In a land where greed beats need.

The last time Canada took a systematic look into its tax system was at the instigation of a Prairie populist, Prime Minister John Diefenbaker. The royal commission headed by Bay Street accountant Kenneth Carter was famous for determining “A buck is a buck.” Here we are more than 50 years later and no finance minister of any stripe seems to have understood what Carter meant.

Yet it was so simple. All Carter really said was that no matter how a dollar was earned, it should be treated as a dollar. What Canada has instead is a complex taxation system wherein a dollar is taxed according to its origin and how it is gained.

Where the dollar came from is at the centre of an unfair tax system where the wage earner remains the easiest target. The system encourages the vulgar accumulation of wealth for the already rich. It encourages perquisites for the oligarchs of business. It benefits the rich investor over the small investor. It drives the elderly who are now living longer into poverty.

And we might never know if finance minister Bill Morneau was trying to help the middle class or seeking to benefit his fellow millionaires last year. The Conservatives threw accusations, barbs and challenges in the path of his tax reform proposals as he showed his inexperience and naïveté in his portfolio. And instead of helping, the prime minister just pushed him to the side.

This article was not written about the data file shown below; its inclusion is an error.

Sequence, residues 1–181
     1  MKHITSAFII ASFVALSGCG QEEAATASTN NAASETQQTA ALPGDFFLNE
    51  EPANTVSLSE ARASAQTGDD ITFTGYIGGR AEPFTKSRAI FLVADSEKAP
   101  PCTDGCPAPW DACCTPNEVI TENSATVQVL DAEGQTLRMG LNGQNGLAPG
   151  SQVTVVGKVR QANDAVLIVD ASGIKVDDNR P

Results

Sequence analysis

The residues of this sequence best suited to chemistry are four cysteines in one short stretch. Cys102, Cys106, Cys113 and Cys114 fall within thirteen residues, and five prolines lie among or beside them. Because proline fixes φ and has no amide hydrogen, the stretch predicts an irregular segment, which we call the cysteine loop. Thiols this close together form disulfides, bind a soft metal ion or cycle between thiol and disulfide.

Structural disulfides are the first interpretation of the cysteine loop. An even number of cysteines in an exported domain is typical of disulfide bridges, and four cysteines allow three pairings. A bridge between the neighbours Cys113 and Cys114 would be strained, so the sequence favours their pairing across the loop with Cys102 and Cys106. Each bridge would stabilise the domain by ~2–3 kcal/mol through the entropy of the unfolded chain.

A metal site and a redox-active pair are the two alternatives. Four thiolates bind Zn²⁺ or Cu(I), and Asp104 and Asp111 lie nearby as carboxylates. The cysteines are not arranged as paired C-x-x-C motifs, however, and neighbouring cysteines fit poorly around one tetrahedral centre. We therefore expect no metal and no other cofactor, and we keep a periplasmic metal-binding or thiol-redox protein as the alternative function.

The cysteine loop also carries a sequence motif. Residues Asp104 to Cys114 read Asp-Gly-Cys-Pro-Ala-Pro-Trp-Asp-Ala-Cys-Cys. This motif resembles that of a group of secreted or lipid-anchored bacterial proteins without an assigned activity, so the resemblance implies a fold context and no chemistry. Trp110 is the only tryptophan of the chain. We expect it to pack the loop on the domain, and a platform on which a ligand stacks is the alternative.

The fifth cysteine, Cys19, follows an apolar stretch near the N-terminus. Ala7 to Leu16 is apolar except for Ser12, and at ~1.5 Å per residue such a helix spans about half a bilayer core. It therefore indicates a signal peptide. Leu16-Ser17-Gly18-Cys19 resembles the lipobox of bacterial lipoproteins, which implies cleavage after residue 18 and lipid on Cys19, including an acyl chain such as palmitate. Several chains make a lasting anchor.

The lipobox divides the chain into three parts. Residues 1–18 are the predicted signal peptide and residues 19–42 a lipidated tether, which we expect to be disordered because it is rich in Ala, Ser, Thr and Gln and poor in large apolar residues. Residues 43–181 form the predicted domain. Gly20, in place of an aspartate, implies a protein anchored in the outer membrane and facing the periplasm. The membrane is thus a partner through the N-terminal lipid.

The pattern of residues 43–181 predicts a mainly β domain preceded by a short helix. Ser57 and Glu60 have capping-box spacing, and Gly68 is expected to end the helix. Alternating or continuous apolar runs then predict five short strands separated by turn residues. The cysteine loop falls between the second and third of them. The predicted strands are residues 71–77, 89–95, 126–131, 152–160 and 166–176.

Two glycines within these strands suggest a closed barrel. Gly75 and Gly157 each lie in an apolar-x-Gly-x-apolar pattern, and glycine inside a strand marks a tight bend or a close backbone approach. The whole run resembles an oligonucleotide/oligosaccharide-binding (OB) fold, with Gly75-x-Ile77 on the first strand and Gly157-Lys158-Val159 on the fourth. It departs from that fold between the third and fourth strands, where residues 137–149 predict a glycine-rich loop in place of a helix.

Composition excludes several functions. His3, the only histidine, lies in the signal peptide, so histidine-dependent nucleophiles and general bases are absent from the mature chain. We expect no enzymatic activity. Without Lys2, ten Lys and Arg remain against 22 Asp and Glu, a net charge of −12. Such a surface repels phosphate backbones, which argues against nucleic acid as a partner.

Both Morneau and his prime minister spend a lot of their time saying that they want to do more for the middle class. If there were more results for the middle class instead of the steadily increasing profits for the already rich, we would all be better off.

Bill Morneau has backed so far away from the grandiose reforms he presented early last year, he has an even longer way back to our trust.

In Canada, where we put our trust in a self-filed income tax system, it seems amazing that we should have a tax system so laden with exceptions. The basic fact that the rich have tax accountants and the rest of us do our best, puts our best at a disadvantage.

It would pay for both the prime minister and his finance minister to dig out and read what Kenneth Carter said over a half century ago. A loonie is still just a buck but inflation has sure eaten into its buying power.

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Copyright 2018 © Peter Lowry

Complaints, comments, criticisms and compliments can be sent to  peter@lowry.me

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